Becoming A Changemaker: Learning and Acting Locally and Globally

WinterSpring
Winter 2019
Spring 2019
Olympia
Olympia
Weekend
Weekend
Freshman-Senior
Freshman–Senior
Class Size: 25
8
Credits per quarter

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Taught by

Don Chalmers
grantwriting

People locally and globally change people's lives every day.  The first part of a two-part program explores what is a Change Maker and how students can use the lessons of this global movement to address social change in their community.  We'll define and understand Change Makers through readings, in-class discussion, and researching local people and organizations who make a difference using social enterprises and other forms of organization to create positive change.  For example, students will be asked to identify one Change Maker from the readings and share information with the others including an update on that individual or organization.  Next, using lessons learned from Change Makers worldwide, we'll consider what individuals and groups need to do to prepare themselves to be effective as agents of change in our local community or one in which they want to work.  For instance, we'll explore community assessment in detail including community mapping of assets and needs. We'll also look at how best to organize to effectively address problems or opportunities the community assessment identified.  We'll learn about how to make these efforts sustainable both organizationally and through resource development like grant writing and fundraising.

By Week 3 students will develop in-program individual learning contracts or internships that will generate 4 of the 8 credits offered.  The in-program ILCs could focus on further research and reporting on the student's chosen Change Maker project.  An in-program internship would be with an area Change Maker based on work to be determined by the student, faculty and that Change Maker. These ILCs or Internships could be continued and/or modified in the Spring Term.

In Spring we'll build on the lessons we gained in Winter either by beginning to build a social enterprise identified in the student's internal ILC or continuing the work each student began in the internal internship.  Classes for the second part of the program will focus on implementation.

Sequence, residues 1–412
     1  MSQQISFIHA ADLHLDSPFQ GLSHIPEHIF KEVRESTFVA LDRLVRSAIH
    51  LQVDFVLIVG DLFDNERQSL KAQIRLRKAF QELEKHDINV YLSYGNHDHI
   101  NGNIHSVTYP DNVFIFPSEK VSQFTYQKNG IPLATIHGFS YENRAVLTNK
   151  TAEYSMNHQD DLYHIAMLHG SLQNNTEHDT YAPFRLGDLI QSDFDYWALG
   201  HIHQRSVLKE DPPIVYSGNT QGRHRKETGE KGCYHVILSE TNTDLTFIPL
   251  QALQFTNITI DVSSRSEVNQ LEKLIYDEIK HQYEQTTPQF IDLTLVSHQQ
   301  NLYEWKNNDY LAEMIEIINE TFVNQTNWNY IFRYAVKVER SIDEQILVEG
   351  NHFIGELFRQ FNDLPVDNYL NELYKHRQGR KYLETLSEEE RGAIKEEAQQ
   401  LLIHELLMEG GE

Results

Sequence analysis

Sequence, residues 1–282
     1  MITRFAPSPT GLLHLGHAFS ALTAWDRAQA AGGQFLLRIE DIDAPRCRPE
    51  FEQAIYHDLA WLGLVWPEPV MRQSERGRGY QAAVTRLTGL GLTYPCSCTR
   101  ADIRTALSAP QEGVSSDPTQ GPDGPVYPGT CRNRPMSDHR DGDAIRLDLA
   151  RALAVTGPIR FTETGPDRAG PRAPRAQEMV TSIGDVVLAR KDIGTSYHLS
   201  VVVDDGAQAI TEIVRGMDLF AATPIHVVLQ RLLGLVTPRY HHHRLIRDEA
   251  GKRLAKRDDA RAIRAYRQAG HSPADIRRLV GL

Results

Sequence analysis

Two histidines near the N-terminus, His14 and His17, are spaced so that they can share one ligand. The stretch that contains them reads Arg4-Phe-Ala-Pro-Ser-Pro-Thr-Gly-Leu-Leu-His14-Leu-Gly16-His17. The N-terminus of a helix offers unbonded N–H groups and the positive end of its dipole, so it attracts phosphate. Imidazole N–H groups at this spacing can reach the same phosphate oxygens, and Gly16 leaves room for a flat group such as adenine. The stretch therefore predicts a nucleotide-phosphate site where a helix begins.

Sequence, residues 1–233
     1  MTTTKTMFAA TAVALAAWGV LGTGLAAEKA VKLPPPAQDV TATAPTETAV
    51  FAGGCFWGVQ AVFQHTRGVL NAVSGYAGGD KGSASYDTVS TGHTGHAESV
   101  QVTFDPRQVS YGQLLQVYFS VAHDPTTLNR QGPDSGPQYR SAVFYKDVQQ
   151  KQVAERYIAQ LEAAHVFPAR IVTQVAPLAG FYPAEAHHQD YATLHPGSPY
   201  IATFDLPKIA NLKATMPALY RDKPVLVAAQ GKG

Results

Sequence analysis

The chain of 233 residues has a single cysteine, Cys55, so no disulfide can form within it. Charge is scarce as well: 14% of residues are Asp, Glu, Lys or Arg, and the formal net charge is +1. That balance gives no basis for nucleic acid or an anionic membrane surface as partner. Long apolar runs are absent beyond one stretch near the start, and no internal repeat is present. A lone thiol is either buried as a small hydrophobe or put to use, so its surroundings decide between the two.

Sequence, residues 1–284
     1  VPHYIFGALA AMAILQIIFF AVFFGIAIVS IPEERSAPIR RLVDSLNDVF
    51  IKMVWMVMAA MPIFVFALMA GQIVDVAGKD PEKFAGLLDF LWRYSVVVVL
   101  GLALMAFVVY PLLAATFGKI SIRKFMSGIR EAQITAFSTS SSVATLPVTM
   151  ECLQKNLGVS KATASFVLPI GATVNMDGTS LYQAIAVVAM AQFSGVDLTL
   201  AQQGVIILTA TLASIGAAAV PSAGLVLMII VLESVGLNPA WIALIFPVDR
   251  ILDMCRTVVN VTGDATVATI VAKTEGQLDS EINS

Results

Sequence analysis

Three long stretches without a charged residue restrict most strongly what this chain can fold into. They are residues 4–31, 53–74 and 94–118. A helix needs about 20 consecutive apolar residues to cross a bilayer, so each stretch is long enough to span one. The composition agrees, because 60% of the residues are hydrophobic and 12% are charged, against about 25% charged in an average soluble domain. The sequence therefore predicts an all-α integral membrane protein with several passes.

This offering will prepare you for careers and advanced study in:

Social Enterprises including non-profit organizations, social and human services, social purpose corporations and LLCs, and related enterprises

8

Credits per quarter

Online learning:
  • Hybrid Online Learning - This offering delivers < 25% of its instruction online, rather than via face-to-face contact between you and your instructors.
Internship Opportunities:

In-program internships focused on an area of social enterprise represent 4-credits of work per quarter.  Students can start the program with an internship in mind, but there will be time during the first two weeks of class to develop ideas and connect with organizations. 

Research Opportunities:

In-program ILCs focused on an area of social enterprise represent 4-credits of work per quarter.  Students can start the program with a research topic in mind, but there will be time during the first two weeks of class to develop ideas.

Freshman-Senior
Class Standing: Freshman–Senior
Class Size: 25
Weekend

Scheduled for: Weekend

Final schedule and room assignments:

First meeting:

Saturday, January 12, 2019 - 10:00 am
SEM 2 C2107 - Seminar

Located in: Olympia